Damn, I miss this music, living in Europe. American traditional music simply is not available in Europe. Live or recorded, you don't see it or hear it. Lots of reason why, none of them good, but when I come back to the US it always amazes me to hear the level of dedication and musicianship of the younger generation of traditionalists.

Wednesday, November 07, 2007

Remants of the Jewish Lower East Side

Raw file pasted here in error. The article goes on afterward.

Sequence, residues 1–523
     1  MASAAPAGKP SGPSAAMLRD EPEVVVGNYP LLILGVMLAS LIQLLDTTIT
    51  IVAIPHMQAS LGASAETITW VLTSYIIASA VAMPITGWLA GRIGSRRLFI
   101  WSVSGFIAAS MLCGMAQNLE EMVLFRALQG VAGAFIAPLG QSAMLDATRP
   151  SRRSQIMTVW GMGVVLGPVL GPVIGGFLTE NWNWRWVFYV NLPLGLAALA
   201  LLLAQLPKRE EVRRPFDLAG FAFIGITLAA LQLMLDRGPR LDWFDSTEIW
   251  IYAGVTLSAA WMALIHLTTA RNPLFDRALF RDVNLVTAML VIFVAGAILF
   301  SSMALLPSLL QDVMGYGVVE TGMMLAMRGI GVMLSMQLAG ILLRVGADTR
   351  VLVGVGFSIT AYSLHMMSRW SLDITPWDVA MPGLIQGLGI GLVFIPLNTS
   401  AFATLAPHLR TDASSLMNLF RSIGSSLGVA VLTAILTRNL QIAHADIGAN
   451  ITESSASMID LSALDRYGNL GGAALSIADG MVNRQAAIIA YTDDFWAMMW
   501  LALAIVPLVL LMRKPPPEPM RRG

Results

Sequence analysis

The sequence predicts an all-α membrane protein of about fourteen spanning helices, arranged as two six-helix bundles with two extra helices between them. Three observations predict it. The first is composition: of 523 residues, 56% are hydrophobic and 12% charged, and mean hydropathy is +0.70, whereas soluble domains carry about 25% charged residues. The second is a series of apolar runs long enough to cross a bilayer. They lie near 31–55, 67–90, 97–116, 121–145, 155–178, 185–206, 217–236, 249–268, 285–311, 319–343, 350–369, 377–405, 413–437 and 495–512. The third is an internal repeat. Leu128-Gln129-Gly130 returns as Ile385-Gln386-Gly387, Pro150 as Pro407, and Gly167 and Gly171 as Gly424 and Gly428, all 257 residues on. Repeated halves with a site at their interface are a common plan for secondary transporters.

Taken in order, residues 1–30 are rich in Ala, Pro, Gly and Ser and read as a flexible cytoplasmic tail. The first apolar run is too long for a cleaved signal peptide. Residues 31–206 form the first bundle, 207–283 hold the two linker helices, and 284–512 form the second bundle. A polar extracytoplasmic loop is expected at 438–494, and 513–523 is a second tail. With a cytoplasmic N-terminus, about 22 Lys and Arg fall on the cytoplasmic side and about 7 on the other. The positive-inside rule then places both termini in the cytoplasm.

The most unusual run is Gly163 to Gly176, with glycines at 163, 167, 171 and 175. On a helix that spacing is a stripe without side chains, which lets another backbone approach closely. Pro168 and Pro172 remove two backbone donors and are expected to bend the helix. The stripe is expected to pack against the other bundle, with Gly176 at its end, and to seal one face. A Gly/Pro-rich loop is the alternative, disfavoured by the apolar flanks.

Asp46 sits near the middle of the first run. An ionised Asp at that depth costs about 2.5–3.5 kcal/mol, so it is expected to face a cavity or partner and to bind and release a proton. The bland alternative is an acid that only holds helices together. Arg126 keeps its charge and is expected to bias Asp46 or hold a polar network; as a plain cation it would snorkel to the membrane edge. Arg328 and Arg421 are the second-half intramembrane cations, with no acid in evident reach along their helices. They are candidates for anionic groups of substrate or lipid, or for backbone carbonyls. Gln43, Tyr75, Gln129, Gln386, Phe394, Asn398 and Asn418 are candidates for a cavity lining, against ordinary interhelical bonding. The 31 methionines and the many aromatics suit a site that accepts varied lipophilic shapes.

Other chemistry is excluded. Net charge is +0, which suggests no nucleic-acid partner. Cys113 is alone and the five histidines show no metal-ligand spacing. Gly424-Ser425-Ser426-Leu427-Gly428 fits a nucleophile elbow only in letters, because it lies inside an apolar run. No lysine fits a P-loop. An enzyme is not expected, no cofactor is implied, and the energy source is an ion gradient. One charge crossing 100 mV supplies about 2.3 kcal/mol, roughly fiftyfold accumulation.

The Lower East Side of Manhattan is, today, primarily a Chinese and Hispanic ethnic neighborhood, but it once was the central New York neighborhood for immigrant Jews. By the mid 20th century most had moved to the NY boroughs like Brooklyn and the Bronx, or out to the suburbs, but there are still a few reminders around Seward Park and East Broadway.The Forward building was home to the Yiddish newspaper The Forward, which is still going strong (in both English and Yiddish editions) today but is now based up at the Arebiter Ring building at E. 33rd st. First published in 1897, the Yiddish-language Forward was born as Jewish immigration swelled the New York sweatshops and labor unions. It had close ties to the Socialist Party, taking the name of the successful Socialist paper in Berlin, and is still widely read in New York - not only by Jews - for its socialist take on events. This is as close as it comes to a piece of Yiddish monumental architecture in the world today.Just down the street is the Bialystocker Home for the Aged, one of the last remaining institutions run by the old regional Yiddish landsmanshaftn for the care of older immigrant Jews from Poland. Along east Broadway are a line of shtibls - small spaces serving as prayer houses and offices for Orthodox Jewish communities, the majority of whom have moved their operations to Brooklyn.This part of the city used to be home to literally hundreds of small prayer houses like these. There is still an Orthodox Yeshiva further west towards Chatham Square...The old Five Points neighborhood depicted in the film Gangs of New York, was located down in this area of Manhattan, but very little remains of the old, ramshackle buildings that were depicted in the movie - the old Five Points really was a wood-and-mud-wattle slum and was pretty well torn down over the years and is now submerged under more modern development and parks. The Sephardic Jewish cemetery of Congregation Shearith Israel - The Spanish and Portuguese Jewish Synagogue - is preserved at 55 St. James Place, opposite Chatham Square, on the southeast corner of Chinatown.This was the first Jewish cemetery in New York. The Sephardic Jews had arrived at the time when the Dutch ruled Manhattan, which means that after the Lenape, the Dutch, and the Africans taken as slaves, Jews are among the oldest settlers in the city of New York. Of course, being near Chinatown, we wouldn't expect you to eat anyplace else... try Nha Trang on Baxter Street for some low priced Vietnamese food!Of course, it is not kosher, but then neither am I.